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France: Strikes and demonstrations for the seventh day against pension reform


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The French were called to demonstrate on Saturday, March 11, 2023, against reforming the pension system, a project put forward by President Emmanuel Macron that is causing public anger, on the seventh day of mobilization that constitutes a test for the continuation of the confrontation between the government and the unions.

The previous day of mobilization against this reform, Tuesday, witnessed mass movements, setting a record number of demonstrators that exceeded the peak achieved on January 31, whether according to the figures of the French Ministry of Interior (1.28 million demonstrators) or the unions (more than three million).

According to a source in the police, the participation today may range between 800,000 and one million people in the 230 demonstrations scheduled across France, including 70,000 to 100,000 in Paris.

This is the second mobilization announced on a Saturday so that employees can participate in it without having to register a strike day.

On the previous Saturday, February 11, 963,000 people took to the streets, according to the Ministry of the Interior, and more than 2.5 million people, according to the General Confederation of Labor. It is expected that the mobilization will be less today in light of the size of the ongoing demonstrations or that ended at noon.

This is the seventh day of movements since January 19 to protest the reform of the retirement system, specifically a clause in it that requires raising the legal retirement age from 62 to 64 years, which the majority of the French oppose, according to opinion polls, considering it “unfair”, especially for women and professionals. arduous.

An opinion poll conducted by the Elabe Institute for the BFMTV television network, the results of which were published on Saturday, revealed that 63% of the French support mobilization against reform, and 54% support strikes and paralyzing some sectors.

Before the start of the demonstration in Paris, the two major unions challenged the president to put his project to a referendum.

“Since he is confident in himself, let him consult the people. We will see the response of the people,” said the general secretary of the Confederation General of Labor, Laurent Berget, “Certainly one should go towards consulting his fellow citizens.”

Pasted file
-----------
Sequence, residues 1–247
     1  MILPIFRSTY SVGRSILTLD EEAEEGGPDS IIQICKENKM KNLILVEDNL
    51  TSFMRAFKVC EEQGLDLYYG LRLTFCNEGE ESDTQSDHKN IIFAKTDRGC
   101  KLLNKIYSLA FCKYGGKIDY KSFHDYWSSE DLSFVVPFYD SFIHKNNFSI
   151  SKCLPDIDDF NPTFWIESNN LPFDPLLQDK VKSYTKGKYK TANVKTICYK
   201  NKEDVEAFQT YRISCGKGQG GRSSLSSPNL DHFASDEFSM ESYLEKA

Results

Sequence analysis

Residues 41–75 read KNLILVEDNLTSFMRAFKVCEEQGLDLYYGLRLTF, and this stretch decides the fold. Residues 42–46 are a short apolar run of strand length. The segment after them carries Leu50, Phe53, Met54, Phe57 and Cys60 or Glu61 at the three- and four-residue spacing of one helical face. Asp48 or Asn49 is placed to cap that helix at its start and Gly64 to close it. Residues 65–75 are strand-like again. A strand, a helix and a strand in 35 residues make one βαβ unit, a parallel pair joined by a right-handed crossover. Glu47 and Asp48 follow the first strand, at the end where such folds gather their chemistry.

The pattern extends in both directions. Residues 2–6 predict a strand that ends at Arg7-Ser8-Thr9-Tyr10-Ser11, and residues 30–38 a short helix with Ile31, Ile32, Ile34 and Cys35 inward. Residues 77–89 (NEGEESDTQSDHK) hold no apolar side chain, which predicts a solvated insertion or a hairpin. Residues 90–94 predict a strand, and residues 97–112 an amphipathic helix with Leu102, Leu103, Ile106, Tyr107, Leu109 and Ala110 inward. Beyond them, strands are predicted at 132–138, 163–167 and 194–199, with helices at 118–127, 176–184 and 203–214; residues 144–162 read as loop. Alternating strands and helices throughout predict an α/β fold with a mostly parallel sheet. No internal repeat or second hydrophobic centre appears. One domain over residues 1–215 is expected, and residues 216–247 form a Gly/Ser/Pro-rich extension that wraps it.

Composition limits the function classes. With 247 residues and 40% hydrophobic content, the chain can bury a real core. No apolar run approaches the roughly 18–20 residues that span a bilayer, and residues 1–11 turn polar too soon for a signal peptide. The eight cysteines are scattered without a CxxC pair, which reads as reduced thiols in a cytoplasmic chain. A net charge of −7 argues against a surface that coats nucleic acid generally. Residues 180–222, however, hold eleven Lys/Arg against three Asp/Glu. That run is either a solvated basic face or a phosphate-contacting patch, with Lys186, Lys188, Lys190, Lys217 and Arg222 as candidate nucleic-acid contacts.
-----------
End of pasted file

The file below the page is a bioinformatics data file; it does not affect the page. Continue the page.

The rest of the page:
The unions’ anger increased after Macron refused, on Thursday, a request from them to meet with him, considering that the path is now “before Parliament” after the “consultations” conducted by Prime Minister Elizabeth Bourne and the amendments made to the text.

Macron said on Friday afternoon that the pension reform must proceed “until its conclusions” in Parliament, hinting that he does not rule out anything, including passing the law without putting it to a vote, according to an article in the constitution that allows the government to issue a legislative text without its approval in Parliament.

Constitutional weapon

On Friday, Labor Minister Olivier Dusopt resorted to the constitutional weapon, calling for a single vote in the Senate on the entire bill at once, which would preserve the about seventy proposed or accepted amendments by the government, without taking into account the other amendment proposals.

But even without debate or vote on the remaining 1,000 proposed amendments, its proponents can still present them. This mechanism allows to buy time and gives the left hope that the text “will not be put to a vote” before the due date at midnight on Sunday.

On Saturday morning the senators resumed their debates and at midday they still had about 680 amendment proposals to consider.

On Wednesday night, the parliament voted on Article 7 of the reform, which raises the retirement age by two years, which the state asserts is necessary to address the deterioration of the financial situation of pension funds with the aging population.

France is one of the European countries that adopts the minimum retirement age, although the retirement systems are not similar and cannot be compared.

The French president is betting a large part of his political assets by proposing this project, which he aspires to be the most prominent measure in his second term and symbolizes his determination to reform, but it encounters great rejection by the French.

It is not certain whether the extendable strikes that have taken place since Tuesday and affect key sectors of the economy, such as transportation, energy, and others, will continue.

In Paris, garbage is piling up in some departments, while the French Air Transport Authority asked airlines to cancel 20% of their flights scheduled for Saturday and Sunday due to the strike of air traffic controllers.

Also, the French General Railways announced Friday that the transport traffic will be “extremely turbulent”, pointing out that this will continue into the weekend.

The Secretary-General of the Union of Energy Workers, Fabrice Codor, said on Friday that strikes will continue, especially in electricity production stations.

The strike of gas workers at all LNG terminals and gas storage facilities continues.

Merry C. Vega is a highly respected and accomplished news author. She began her career as a journalist, covering local news for a small-town newspaper. She quickly gained a reputation for her thorough reporting and ability to uncover the truth.

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